“I Know Why the Caged Bird Sings,” Maya Angelou’s early memoir adapted for the stage by Book-It, puts a harrowing and delightful story on its feet. This September, Seattle is on a tear for James Baldwin. Earlier this month, The Williams Project staged a scorching production of his “Blues for Mister Charlie” at Emerald City Bible Fellowship and Franklin High School.
For decades, Seattle has been a magnet for theater people who want to play with new and weird ideas. Can it afford to stay that way amid the city’s dramatic growth? Theater people are like rats — in the best possible way. They, like reporters, run around the edges, use cunning and surprise, figure out how to thrive in places normal people wouldn’t consider habitable, then gobble up a fourth helping from the opening-night buffet table when they think nobody’s watching.
A few weeks ago, in a Capitol Hill building that used to be a storefront office, a longtime street artist named Jazz Mom and friends were splattering buckets of paint across the carpet and spray-painting the walls for their ad hoc show “Everything You Love Turns Into a Condo.” (For the purposes of this article, Jazz Mom preferred “they/them” pronouns to stay vague. “I gotta watch my back these days,” they said.
Muck Rack makes it simple to find people, tweets, or articles that mention any name, keyword, company, hashtag etc. We've compiled this guide to help you make the most of your search.
Selecting a term
Start searching tweets, articles from media outlets, articles mentioned in tweets, journalists'
names, titles and bios with some suggested searches:
Companies or Topics (e.g. iPhone, Microsoft)
Phrases (e.g. "cloud computing") — use quotes to keep the terms together
Twitter handles (e.g. @username) — returns those who have mentioned or replied to
Names (e.g. "David Pogue")
Hashtags (e.g. #sxsw, #london2012)
Bio details (e.g. vegan, Olympics, father)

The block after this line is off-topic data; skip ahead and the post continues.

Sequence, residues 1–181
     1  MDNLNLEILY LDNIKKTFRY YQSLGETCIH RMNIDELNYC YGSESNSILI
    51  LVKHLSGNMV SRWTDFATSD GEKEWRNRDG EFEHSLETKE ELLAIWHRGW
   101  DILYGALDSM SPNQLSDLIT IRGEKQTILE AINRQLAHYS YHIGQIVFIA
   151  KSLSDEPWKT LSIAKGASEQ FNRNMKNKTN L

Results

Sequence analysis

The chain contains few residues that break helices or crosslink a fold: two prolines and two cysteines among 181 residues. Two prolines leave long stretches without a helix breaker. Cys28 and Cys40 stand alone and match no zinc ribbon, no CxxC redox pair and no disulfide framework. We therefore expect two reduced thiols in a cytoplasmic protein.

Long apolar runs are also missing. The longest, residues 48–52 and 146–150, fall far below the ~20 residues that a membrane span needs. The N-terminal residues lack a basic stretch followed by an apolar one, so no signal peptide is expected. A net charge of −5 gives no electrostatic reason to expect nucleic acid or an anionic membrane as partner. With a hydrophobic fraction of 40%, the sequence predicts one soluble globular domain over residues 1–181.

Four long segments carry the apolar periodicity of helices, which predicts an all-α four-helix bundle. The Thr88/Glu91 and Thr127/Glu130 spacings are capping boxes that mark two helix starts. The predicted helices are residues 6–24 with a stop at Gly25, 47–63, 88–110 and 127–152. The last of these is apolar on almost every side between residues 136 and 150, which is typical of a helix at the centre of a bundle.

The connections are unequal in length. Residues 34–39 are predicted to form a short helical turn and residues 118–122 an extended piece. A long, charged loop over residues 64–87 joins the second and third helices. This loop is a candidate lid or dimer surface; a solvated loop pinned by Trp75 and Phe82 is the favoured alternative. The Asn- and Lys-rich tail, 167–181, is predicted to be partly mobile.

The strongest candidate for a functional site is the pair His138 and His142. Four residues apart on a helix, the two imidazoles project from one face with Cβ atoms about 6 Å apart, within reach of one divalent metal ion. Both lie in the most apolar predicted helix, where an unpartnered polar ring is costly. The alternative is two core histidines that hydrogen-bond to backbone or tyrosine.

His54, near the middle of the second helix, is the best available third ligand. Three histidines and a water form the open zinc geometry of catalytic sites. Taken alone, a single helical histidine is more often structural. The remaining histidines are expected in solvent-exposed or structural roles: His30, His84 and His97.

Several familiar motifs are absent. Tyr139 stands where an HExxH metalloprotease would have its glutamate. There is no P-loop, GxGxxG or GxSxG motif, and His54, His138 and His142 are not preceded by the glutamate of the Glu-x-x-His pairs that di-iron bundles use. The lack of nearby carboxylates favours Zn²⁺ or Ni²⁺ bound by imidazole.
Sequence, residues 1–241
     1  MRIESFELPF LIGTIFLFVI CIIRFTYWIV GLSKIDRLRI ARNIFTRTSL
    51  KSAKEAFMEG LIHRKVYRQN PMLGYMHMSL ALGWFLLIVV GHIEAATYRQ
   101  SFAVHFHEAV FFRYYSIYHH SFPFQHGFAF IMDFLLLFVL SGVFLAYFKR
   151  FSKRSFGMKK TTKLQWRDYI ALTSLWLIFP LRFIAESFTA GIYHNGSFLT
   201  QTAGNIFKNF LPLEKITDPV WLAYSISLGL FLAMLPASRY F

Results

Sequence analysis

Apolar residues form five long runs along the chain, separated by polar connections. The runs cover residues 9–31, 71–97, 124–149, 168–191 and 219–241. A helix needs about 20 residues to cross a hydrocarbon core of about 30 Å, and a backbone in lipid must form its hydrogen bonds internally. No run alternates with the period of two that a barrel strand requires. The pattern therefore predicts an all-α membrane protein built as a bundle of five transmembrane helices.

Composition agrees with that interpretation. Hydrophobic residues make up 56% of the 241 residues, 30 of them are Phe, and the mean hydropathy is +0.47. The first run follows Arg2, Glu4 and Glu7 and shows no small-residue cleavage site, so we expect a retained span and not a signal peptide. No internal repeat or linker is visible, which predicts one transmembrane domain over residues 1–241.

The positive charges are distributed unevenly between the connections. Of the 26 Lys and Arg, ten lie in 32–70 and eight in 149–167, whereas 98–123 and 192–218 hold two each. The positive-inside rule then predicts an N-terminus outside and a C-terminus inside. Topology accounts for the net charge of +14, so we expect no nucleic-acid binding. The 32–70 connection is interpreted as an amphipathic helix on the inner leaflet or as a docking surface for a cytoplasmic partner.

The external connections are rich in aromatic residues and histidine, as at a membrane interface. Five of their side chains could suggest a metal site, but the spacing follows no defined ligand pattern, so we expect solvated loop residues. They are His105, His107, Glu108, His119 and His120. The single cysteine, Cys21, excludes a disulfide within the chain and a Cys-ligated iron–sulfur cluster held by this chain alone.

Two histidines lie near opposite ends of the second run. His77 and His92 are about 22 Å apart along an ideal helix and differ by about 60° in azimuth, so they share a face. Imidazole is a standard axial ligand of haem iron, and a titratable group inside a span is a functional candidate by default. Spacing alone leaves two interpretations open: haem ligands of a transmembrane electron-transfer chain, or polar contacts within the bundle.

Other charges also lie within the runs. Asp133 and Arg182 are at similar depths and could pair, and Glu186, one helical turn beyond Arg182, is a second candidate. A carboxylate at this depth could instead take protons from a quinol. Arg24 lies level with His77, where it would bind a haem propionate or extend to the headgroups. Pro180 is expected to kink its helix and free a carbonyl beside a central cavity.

Muck Rack's Advanced Search allows for many boolean operators.
Find results that mention multiple specified terms, use AND or
+. For example, ensure each result contains both Elon Musk and Mark Zuckerberg by
searching Obama AND Romney or Obama + Romney.
Use the operators OR or , to broaden your search when you'd like either of
multiple terms to appear in results. (This is the default behavior of our search when no operators
are used.) For example, search for democrat OR republican to find results that refer to
Democrats and/or Republicans.
Use NOT or - to subtract results from your search. For
example, searching Disney will yield results about the Walt Disney Company as well as Walt Disney
World Resort. To exclude mentions of Disney World, search for Disney -World or Disney
When using one of these operators with a phrase, enclose it in quotation marks. For example, you can
find results about smartphones excluding Apple's iPhone 4S by searching smartphone -"iPhone
Exact case matching or punctuation
If you're searching for a brand name or keyword that relies on specific punctuation marks or capitalization, you can
find results that match your exact query by adding matchcase: before the keyword you're searching for, like matchcase:E*TRADE .
Use parentheses to separate multiple
boolean phrases. For example, to find journalists talking about having fun in Disney World or
Disneyland, search for ("disney world" OR disneyland) AND fun.
An asterisk can be used to search for any variation of a root word truncated by the asterisk. For example, searching for admin* will return results for administrator, administration, administer, administered, etc.
A near operator is an AND operator where you can control the distance between the words. You can vary the distance the near operation uses by adding a forward slash and number (between 0-99) such as strawberries NEAR/10 "whipped cream", which means the strawberries must exist within 10 words of "whipped cream".